Fantasia International Film Festival (FIFF) – I don’t think I have seen anything like Sexy Furby before, and I’m not sure if I want to again. I love weird stories, but Sexy Furby is weird in a way that I felt was trying very hard to be silly or trying very hard to be weird for the sake of being weird, and that just wasn’t a good taste to my viewing palette. Sexy Furby is listed as one of the few horror stories included in the 2021 Fantasia Film Festival lineup, and it certainly does live up to its label, providing images of some truly grotesque characters that I wish I could unsee.
Co-directed/co-written/starring Nicole Daddona, Sexy Furby tells a short tale of a lonely woman named Lisa whose father passes away and leaves her with unexpected, insurmountable debt. She decides to commit suicide on the very golf course that her father died on, but just before following through with her morbid plan, she meets a tall drink of a Furby-faced man who provides for both her sexual and financial needs. However, their high life of love and money escalates into needing harder stimulations, reactivating Lisa’s cycle of mental downfalls in her quest to fill emotional voids within herself.
Sexy Furby had a similar anachronistic style that was famously captured in Napoleon Dynamite (2004), the aesthetic that seems to be caught somewhere in the late 80s/early 90s, only Sexy Furby’s color pallet is yet more graphic, much like its sexy and slightly violent content. The comedic aspect of this look writes itself by very way of it seeming dated and therefore tacky, but the costuming design was contrived tacky instead of just letting the tackiness of folksy fashion and sensibilities speak for itself. I did, however, very much appreciate the framing for a lot of the shots in this short film — there were a lot of close-ups, but they were from interesting angles that gave the film a slightly higher quality of production. I did also like the tone of this black comedy, which had dialogue that was delivered in a deadpan/straight style, in contrast to the bright and silly imagery.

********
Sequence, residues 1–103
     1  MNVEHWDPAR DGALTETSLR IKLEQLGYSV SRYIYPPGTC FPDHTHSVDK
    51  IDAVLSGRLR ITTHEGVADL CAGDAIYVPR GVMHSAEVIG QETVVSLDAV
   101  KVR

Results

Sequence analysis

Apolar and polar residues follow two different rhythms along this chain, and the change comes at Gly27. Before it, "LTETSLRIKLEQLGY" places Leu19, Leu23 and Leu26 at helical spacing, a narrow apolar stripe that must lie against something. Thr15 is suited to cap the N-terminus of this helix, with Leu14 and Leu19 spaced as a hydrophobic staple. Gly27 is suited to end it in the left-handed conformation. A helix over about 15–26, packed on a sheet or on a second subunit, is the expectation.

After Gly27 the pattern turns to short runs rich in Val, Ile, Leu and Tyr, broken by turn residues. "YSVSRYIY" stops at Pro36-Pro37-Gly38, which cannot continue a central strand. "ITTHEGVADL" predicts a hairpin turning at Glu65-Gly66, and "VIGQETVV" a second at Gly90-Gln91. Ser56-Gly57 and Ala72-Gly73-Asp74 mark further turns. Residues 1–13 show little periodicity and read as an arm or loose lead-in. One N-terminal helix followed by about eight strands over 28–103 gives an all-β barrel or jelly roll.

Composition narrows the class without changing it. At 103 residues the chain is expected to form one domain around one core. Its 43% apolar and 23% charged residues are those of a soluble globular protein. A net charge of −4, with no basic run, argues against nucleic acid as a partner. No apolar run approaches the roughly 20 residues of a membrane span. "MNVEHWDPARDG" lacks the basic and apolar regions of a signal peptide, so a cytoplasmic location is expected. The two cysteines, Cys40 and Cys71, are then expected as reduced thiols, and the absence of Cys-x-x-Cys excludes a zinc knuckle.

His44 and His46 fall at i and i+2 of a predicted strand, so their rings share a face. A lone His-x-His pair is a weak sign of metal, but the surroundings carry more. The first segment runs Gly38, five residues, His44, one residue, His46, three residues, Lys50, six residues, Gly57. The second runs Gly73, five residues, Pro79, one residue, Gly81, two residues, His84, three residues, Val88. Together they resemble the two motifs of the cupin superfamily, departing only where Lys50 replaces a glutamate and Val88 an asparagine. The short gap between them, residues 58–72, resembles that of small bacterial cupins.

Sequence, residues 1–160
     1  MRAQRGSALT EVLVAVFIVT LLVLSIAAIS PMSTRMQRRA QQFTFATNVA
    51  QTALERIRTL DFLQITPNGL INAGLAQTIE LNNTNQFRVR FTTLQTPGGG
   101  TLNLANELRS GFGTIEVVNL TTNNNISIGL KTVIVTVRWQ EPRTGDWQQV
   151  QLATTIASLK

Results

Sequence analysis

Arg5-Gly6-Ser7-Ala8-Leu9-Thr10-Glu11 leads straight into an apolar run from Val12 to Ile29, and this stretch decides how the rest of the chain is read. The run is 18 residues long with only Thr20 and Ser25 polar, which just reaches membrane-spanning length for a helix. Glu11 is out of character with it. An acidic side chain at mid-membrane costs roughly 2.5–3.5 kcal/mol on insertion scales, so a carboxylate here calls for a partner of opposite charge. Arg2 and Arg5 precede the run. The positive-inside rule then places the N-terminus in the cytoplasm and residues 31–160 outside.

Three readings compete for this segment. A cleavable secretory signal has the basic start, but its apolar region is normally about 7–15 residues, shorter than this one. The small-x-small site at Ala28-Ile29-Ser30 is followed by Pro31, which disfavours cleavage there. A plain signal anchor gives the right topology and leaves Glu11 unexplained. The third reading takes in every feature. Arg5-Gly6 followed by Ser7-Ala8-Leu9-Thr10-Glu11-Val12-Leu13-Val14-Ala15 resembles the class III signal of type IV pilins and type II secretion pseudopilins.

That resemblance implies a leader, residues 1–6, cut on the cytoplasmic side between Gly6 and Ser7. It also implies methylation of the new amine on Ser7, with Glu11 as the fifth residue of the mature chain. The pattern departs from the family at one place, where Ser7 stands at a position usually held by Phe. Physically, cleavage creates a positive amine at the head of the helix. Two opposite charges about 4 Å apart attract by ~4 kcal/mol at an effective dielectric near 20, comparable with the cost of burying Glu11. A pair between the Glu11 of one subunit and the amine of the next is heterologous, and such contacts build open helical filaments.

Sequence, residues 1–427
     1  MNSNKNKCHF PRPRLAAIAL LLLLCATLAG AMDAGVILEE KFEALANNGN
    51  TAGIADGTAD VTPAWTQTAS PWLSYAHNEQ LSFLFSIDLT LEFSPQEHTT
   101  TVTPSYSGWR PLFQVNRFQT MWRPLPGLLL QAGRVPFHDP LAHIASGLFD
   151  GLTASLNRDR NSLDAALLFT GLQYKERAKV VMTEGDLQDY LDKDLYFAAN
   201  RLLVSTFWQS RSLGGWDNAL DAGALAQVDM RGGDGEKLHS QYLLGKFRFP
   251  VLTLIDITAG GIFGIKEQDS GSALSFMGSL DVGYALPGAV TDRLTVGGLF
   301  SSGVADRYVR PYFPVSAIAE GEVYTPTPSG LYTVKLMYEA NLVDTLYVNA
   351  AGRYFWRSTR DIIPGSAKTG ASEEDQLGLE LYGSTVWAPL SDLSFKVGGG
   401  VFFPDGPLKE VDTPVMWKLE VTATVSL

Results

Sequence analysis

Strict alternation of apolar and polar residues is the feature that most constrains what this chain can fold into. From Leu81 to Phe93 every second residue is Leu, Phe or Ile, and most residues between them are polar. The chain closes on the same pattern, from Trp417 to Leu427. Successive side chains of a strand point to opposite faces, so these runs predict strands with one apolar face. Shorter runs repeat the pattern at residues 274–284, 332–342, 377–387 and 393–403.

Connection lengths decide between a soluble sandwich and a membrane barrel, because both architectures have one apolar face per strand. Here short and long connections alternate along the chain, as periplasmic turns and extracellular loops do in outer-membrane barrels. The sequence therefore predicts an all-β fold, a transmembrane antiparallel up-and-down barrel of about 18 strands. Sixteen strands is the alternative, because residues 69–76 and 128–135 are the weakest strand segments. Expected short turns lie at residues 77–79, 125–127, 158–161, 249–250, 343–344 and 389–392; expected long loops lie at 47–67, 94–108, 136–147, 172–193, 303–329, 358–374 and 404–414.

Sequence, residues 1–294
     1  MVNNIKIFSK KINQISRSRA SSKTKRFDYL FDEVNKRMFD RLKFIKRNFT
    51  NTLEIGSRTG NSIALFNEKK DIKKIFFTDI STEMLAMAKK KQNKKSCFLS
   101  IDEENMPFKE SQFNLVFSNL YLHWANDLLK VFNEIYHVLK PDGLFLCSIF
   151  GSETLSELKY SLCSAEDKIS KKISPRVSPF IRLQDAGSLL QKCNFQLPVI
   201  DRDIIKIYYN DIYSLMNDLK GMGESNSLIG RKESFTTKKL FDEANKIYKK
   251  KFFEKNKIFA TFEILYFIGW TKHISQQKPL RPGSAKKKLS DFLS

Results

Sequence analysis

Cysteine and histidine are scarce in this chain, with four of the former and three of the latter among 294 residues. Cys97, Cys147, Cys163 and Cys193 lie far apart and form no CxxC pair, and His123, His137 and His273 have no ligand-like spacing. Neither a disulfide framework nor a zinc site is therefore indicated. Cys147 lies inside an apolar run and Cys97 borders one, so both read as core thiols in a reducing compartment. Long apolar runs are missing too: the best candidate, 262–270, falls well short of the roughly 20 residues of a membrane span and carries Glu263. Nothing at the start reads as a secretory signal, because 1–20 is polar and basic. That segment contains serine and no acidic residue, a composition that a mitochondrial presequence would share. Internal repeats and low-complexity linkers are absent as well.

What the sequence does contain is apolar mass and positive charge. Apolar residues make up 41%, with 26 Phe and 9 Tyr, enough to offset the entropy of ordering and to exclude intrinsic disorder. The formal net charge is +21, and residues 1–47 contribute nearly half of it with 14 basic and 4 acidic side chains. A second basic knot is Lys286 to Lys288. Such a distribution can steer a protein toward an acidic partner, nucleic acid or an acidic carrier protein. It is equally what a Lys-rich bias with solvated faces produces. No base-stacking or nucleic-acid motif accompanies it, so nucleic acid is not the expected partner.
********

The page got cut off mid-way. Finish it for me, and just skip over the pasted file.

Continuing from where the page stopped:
The side jokes came off as forced, and the main joke of the film being a giant Furby who can engage in sexual intercourse was definitely new but I just didn’t get it. Why a Furby? Perhaps Sexy Furby was trying to speak to how animatronic playthings replace our human interactions if they shower us with the affection we have been missing. Perhaps the film was speaking to the Furby craze of the late 90s that caused people to think they would be valuable collector items to someday provide monetary windfalls. Either way, the message, if any, was lost on me, as I was distracted by the silliness of it all.
Not that it is completely without its merits, and not that I was waiting for it to be over, but the only part of Sexy Furby that actually made me LOL was the ending credits with someone doing a poor rendition of Bobby Vinton’s “Mr. Lonely.” There was a lot going on leading up to the end – death and debt, a woman with serious mental health issues who is apparently horribly deformed by her universe’s deformed beauty standards, a man-like Furby with the supernatural power to gush money, the story is apparently set in the future or an alternate universe, and a whole lot of other weirdness – all of which looked very cool and colorful but came off pretty forced to me.
The film will screen as part of the Fantasia International Film Festival, happening August 5-25.
5 out of 10